- Me: Why were you so upset when I said (blank)?
- Wife: Because you were referring to (a different blank).
- Me: No, I wasn’t. I said (blank) because I meant (blank). There’s no “read between the lines” with me.
- Wife: Well, take it is as a compliment that I thought you were smart enough to.
- Me: So the “credit” you give me gets me in trouble? You can give that to someone else. For the record, I’m way too lazy to be manipulative… and too dumb – you’re welcome.
Side Note: If you’re wondering, my use of “(blank)” isn’t because I’m hiding something from you – I try to be honest in my posts. I used “blank” because I actually don’t remember what was said… you know, like a guy. I don’t really remember fights (unless I write them down right way to use as example). My wife? She can remember fights… you know, like a wife. How accurately she remembers them… that’s up for debate: (wife) “But that’s how it felt.” (me) “But do you remember how it actually was?”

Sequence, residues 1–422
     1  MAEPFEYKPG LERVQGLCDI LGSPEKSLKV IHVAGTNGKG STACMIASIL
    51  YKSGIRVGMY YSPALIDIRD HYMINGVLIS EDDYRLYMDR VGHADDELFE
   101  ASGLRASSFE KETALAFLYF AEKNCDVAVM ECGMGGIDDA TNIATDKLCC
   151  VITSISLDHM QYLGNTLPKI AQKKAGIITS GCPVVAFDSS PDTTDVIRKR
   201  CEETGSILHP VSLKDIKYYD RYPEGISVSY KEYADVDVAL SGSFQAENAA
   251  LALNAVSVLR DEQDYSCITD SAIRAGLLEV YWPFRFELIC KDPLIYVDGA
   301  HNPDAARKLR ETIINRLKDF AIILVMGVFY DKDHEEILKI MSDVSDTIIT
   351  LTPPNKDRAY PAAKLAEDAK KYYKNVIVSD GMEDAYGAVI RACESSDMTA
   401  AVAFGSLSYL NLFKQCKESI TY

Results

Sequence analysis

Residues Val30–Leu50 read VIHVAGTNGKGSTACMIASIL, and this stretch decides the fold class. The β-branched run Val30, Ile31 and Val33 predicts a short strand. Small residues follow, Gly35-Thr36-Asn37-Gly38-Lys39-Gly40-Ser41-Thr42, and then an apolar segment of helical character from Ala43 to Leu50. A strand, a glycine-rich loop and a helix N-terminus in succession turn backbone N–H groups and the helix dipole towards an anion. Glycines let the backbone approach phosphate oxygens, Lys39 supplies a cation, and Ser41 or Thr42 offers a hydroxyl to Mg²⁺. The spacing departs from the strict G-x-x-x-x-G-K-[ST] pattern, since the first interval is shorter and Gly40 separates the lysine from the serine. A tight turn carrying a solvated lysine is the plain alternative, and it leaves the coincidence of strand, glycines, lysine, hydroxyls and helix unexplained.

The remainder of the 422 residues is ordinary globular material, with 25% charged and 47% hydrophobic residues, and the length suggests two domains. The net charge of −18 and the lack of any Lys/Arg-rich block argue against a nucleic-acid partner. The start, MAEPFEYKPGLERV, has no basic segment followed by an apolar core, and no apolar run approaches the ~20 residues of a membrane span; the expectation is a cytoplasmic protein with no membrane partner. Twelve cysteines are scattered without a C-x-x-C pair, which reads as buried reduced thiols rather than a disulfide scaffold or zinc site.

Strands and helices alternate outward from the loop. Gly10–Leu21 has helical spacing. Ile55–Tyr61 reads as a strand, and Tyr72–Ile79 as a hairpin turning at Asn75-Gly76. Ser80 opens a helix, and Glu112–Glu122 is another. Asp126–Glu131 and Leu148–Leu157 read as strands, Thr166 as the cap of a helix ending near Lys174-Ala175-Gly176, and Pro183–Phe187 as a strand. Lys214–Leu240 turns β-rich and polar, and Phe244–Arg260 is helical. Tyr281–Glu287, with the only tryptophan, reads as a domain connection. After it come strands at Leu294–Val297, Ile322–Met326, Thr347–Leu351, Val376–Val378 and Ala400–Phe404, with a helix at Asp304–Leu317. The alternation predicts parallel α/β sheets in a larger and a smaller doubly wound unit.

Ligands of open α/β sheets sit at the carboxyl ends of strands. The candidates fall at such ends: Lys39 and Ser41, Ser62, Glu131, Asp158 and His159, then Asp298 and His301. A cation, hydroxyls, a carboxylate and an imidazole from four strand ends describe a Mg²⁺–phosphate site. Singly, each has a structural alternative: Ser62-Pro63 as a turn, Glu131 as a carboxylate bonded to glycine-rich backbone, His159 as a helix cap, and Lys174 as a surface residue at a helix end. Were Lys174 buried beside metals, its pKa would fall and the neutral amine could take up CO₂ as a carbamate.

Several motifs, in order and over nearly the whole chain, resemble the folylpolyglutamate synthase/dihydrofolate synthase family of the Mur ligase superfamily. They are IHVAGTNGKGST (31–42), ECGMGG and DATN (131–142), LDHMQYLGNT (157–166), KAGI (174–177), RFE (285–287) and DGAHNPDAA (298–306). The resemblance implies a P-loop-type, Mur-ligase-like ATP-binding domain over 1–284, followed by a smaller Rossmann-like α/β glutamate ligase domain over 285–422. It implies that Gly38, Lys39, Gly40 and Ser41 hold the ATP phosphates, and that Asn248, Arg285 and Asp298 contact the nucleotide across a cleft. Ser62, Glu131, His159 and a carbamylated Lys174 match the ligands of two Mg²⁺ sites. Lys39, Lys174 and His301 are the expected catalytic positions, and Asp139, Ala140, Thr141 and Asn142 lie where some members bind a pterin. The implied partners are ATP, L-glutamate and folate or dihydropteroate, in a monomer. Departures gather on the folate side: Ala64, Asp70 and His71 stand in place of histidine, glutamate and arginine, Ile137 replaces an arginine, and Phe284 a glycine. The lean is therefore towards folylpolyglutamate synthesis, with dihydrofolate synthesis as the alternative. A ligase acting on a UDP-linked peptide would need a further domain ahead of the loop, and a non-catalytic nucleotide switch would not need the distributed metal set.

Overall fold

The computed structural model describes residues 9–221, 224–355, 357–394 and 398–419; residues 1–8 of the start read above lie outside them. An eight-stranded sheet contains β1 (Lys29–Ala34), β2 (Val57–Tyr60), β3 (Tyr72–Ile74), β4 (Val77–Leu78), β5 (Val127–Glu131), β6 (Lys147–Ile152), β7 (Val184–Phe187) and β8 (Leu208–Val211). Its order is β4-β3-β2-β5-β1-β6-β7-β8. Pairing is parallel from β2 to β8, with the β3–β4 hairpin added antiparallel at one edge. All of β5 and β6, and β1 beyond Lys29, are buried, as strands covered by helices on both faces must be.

As a marriage therapist, the above conversation is a common problem I find with couples (at least ones who see me): Guys get accused of being these grand manipulators (this includes gas lighting, guilt trips, and underhanded comments) when the truth is… nope. We are the grand relaxers and women haaaaate that to the point they often don’t believe it: (wife) “You can’t be that relaxed. You must be hiding something and manipulating me.” (husb) “Sorry, were you talking? I was relaxed and not paying attention.” For instance, when a guy is driving on a clear highway and his wife asks, “What are you thinking about?” There’s a good chance the guy is going to answer, “Nothing.” This, of course, doesn’t make any sense to the wife who is thinking about ten things at once and is likely wanting the husband to say something like “I was thinking about what chores I can do for you when we get home to reduce your workload.” A rookie move would be to say, “I was thinking about how lucky I am to have you in my life,” because there’s a good chance she’ll think he’s being sarcastic or overcompensating to hide something: (wife) “Who’s the other woman!” (husb) “I said I was thinking of you!” (wife) “That doesn’t make any sense. What’s really going on?” Or maybe this last one is just me because sarcasm is my first language: (me) “I love you.” (wife) “You sound like Tim Curry in Home Alone 2. You really need to learn how not to sound sarcastic.” (me) “That’s a greeaaaaat idea.”